The costs of surgery and followup chemo were expensive. I have some lovely friends who covered the costs of the surgery (and have just said to pay them back later) so I’ve just had to cover costs of all following visits, chemo, meds and followup tests. That made it much more manageable and meant I could tick the funds item on the list.
On discussions later with her oncologist, I discovered they too have a list. Interestingly, they assess the owner’s geographic location (to the hospital), support and ability to cope – as well as the dog’s physical health and spread of cancer. We passed their list too!
Arthritis management has been to start her on a course of ‘pentosan’ injections – it is a widely used arthritis treatment in Australia. She also gets ‘sasha’s blend’ on her biscuits (it is a powder formulation of all sorts of things good for joints) and she also gets some sort of fish on top of her biscuits – sardines, tuna or salmon (she has z/d ultra prescription diet biscuits for breakfast and dinner). I’ve also trimmed the treats a bit and got her weight down by 0.5 kg – she wasn’t overweight before, but just dropping a little bit of weight was better.
She is on gabapentin once a day to just help with pain management generally. That seems to be pretty good for her.
We’ve also been on fairly limited activity since she fell in November – which is partly to rest her joints and partly because the weather has been terrible. We are getting out for short walks – and long car drives! We go sit by the beach and go for short hops along the foreshore – she gets to be sociable and gets lots of pats. We also sit down lots and she sniffs the wind. Finding the balance of how far she can go is very tricky. I want her to build up stamina, but don’t want to stress the joints. Main thing is keeping her happy. She loooves car rides!
I was also cooking up chicken-rice (which is chicken, veges (spinach, broccoli, carrots, peas, sweet potato) – but I’ve been slack recently and I haven’t done that for awhile. That was not specifically for arthritis – just yummy food!
I’ll have a go at getting some photos up for you all to see
I love love love the methodical way in which you approached this. It’s so hard to keep our wits about us when making decisions for our pets, but you did a terrific job! And how wonderful that you had so many great people in your life to turn to and help you make these important decisions. I especially liked how you said
Another friend who is a vet said that it is something you can ‘try’ – you don’t have to do the whole treatment protocol. That made it an easier decision as I didn’t feel like I was committing to something and so I could change the decision if it wasn’t in her best interests.
That’s what I think I forget to convey to people, is that you can always stop the treatments, you don’t have to commit to the whole thing. I’m glad you had someone say that to you. Taking things incrementally, step by step, is so much easier. Envisioning the next steps, not the entire journey, seems to make things less stressful.
Everything you are doing is so terrific. From her diet to helping her lose a little weight, to getting out and seeing the world. These things all add up to a great time, and keeping cancer away as long as possible. Nice!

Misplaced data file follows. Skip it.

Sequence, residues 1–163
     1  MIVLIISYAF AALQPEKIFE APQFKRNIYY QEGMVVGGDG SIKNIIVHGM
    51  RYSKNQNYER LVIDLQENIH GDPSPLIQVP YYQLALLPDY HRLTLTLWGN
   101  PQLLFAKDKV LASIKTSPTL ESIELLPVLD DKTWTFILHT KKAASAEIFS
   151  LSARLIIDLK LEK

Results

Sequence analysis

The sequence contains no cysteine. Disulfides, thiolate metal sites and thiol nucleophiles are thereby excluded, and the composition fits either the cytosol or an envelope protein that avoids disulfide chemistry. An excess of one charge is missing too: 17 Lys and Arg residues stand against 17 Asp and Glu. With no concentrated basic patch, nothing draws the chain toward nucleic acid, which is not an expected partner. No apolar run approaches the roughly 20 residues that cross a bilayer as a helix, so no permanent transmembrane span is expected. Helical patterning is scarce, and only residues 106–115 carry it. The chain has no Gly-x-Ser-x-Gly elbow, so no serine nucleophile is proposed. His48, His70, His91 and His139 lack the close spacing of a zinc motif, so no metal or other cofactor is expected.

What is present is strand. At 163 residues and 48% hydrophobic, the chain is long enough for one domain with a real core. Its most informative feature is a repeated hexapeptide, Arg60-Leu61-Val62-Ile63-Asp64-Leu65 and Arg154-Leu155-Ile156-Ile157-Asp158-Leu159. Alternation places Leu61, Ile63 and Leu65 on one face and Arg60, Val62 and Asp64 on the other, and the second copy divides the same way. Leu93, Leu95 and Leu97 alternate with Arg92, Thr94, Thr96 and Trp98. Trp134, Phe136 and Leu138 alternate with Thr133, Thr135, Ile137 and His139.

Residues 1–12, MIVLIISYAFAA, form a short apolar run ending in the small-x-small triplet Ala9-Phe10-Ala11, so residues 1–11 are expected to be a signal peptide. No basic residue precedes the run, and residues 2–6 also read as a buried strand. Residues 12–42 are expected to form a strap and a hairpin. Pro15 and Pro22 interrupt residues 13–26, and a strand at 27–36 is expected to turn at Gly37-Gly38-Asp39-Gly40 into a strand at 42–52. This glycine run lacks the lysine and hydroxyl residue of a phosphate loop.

Kirsty – thanks for sharing your and Peda’s story. It is surprisingly similar to our experience post-surgery. Our Tripawd Daisy also had a front leg amputation and we ended up getting her a front wheel cart from Eddie’s Wheels in Massachusetts. They ship all over the world and it has made a huge difference to her quality of life as we use it to go for long walks around the park. She is now almost 13, has been a Tripawd for 14 mos and had TPLO surgeries at 4 yrs and 8 yrs. Best wishes to you and Peda!
I did stumble across Eddie’s Wheels site when I had a bit of a look into a cart for Peda. I have to say, I was very impressed with their product. In the end I decided not to get one (for a variety of reasons) but have mentioned them to a few people since. They seemed to have a really good approach (especially with respect to the needs of front leg amputees). I did a lot of reading and research at the time and they were definitely the ones we would have gone with if I had proceeded down that path.
Older doggies do definitely face different challenges to younger amputees – but I don’t regret having gone ahead with surgery. We passed her 10 month ampuversary last weekend. Given I didn’t think we would make her 9 month ampuversary as she was so sick at the start of April, I am just so grateful for every day we still have.
kirsty and peda
22 February 2013
Kristy and Peda……What a journey of love and hope you two are on:-) COGRATULATIONS ON TEN MONTHS AND STILL GOING STRONG
Your Peda is a beautiful girl with a perfect balance of grace and gritty determination……just like her momma:-)
Always send I g you the best, Sally and Happy Hannah
Happy Hannah had a glorious additional bonus time of over one yr & two months after amp for osteo! She made me laugh everyday! Joined April's Angels after send off meal of steak, ice cream, M&Ms & deer poop!
1 March 2013
yayyy peda pup woo hoo girl destiny is 3 months post amp and shes doing awesome leg twitches sometimes i need to upload pics and i would like to see pics of u and peda pup please im from australia destiny says g’day to everyone
Thanks for your kind message – particularly during this sad time for you. I hope you are doing as well as can be expected and that you are being gentle with yourself during this time.
Peda is still with us and we are taking every day as it comes, knowing what is around the corner. But I don’t know when we will reach that corner and I’ve stopped worrying. There was too much ‘is it time’ contemplation and I was wasting valuable time and space to be with her. I’ve just asked her to make sure she lets me know when it’s time – and that she preferably does it in a non-traumatic way! (That’s my fear that I wait too long and miss the signs and we have a crisis).
K & P
25 May 2013
Your sharing of what you went through with Peda was helpful and insightful. We just have been diagnosed with our 9 year old male sharpei, mix that he has osteosarcoma in his right front. He is 80 lbs and has been in excellent health up to this news. We are scheduled for his amputation this Tues and home Thursday or Friday. We will begin chemo 2 weeks later.
It’s great to hear your girl has celebrated her 10th anniversary, congratulations.
Esther, Snoops Mom